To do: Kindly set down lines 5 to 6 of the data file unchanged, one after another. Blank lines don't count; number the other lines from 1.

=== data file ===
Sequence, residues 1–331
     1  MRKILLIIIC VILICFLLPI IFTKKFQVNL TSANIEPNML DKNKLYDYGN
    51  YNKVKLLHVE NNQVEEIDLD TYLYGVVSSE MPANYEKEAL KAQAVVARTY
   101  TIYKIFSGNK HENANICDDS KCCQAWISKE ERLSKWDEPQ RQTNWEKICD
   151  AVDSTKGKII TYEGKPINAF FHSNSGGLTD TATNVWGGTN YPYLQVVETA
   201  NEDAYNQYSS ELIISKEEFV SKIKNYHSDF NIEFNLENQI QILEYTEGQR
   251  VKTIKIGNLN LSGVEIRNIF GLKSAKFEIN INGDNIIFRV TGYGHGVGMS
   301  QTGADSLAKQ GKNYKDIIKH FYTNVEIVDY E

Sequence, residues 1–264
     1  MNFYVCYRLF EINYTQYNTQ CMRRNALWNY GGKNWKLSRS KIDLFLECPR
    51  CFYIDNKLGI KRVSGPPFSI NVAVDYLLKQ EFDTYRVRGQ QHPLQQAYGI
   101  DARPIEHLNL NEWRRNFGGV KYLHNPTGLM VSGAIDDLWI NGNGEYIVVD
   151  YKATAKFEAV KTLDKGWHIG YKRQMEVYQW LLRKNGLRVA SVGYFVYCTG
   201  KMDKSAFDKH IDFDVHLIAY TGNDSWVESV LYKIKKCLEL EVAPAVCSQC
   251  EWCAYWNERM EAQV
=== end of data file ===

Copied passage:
   151  AVDSTKGKII TYEGKPINAF FHSNSGGLTD TATNVWGGTN YPYLQVVETA
   201  NEDAYNQYSS ELIISKEEFV SKIKNYHSDF NIEFNLENQI QILEYTEGQR